The 59th Minute
William Kentridge is recognized for his lush animated films and drawings. His highly original films projected from laserdisks, are from the very traditional medium of charcoal drawing, which form the basis for his films. Kentridge adjusts his drawings by introducing new marks or erasing pre-existing ones. This technique ensures that the drawings retain traces of every bit of action that took place in the scene.

William Kentridge is a South African artist who is globally recognized for his handcrafted animated films, drawings and theatrical productions. His project for The 59th Minute, Shadow Procession, depicts a haunting procession of black puppet-like figures made from cardboard cutouts. The figures, hunched and crippled, move from left to right across the screen hauling their belongings-donkeys, carts, chairs, sacks, even whole towns on their backs-as if in an exodus.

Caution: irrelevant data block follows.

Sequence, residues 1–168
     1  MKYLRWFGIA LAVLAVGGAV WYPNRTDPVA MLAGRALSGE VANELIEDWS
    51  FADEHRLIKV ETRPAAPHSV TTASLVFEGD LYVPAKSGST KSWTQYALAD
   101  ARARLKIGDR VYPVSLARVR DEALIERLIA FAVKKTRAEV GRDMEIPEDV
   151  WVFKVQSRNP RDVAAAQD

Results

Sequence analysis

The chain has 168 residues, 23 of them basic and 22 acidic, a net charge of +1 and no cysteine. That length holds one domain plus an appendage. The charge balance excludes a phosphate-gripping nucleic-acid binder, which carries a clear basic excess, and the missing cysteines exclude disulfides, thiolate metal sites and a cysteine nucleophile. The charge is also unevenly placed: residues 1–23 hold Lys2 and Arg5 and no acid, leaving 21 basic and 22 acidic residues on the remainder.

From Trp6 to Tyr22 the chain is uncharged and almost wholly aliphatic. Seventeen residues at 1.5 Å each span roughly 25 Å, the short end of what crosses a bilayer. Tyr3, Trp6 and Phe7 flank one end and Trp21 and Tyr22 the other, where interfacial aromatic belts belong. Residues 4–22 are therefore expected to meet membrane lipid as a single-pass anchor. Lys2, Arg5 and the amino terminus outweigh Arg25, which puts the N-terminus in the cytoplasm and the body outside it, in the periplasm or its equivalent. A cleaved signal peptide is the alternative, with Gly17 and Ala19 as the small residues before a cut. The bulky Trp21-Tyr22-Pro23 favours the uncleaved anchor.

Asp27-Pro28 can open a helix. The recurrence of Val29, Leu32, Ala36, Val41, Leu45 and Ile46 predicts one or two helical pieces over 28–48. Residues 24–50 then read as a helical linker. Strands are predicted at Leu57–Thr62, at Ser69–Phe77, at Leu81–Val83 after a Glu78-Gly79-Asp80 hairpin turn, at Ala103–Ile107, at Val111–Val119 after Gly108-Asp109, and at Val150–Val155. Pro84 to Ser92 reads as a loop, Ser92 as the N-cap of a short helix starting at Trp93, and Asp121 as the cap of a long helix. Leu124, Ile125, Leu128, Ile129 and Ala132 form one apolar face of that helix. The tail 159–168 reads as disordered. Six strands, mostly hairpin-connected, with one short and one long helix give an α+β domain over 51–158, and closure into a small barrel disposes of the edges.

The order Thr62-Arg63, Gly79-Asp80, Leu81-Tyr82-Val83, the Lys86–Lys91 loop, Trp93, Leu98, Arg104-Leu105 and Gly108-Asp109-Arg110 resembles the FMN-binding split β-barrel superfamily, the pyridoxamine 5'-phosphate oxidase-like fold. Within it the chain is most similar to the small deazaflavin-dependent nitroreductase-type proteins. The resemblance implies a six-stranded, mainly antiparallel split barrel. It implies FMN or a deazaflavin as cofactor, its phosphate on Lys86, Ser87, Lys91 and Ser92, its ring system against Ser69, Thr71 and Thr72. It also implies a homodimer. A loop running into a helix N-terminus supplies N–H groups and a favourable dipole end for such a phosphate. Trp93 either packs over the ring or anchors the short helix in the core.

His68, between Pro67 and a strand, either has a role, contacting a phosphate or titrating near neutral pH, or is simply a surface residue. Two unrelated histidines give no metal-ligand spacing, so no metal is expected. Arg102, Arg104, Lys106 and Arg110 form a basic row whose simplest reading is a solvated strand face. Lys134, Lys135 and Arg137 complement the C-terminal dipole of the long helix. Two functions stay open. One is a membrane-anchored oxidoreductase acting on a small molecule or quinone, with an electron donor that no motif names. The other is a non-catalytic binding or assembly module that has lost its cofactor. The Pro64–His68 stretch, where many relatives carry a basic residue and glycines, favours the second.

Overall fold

Influenced by the brutality of his native land's Apartheid, Shadow Procession conveys the drudgery of living amidst prolonged violence. Their passage looks like a classical frieze of anonymous shadows in a collective journey. William Kentridge's Shadow Procession humbles onlookers with its astonishing simplicity in rendering the displacement and flight of a people amidst the cacophony of Times Square.

Shadow Procession
May 21, 2001 - September 10, 2001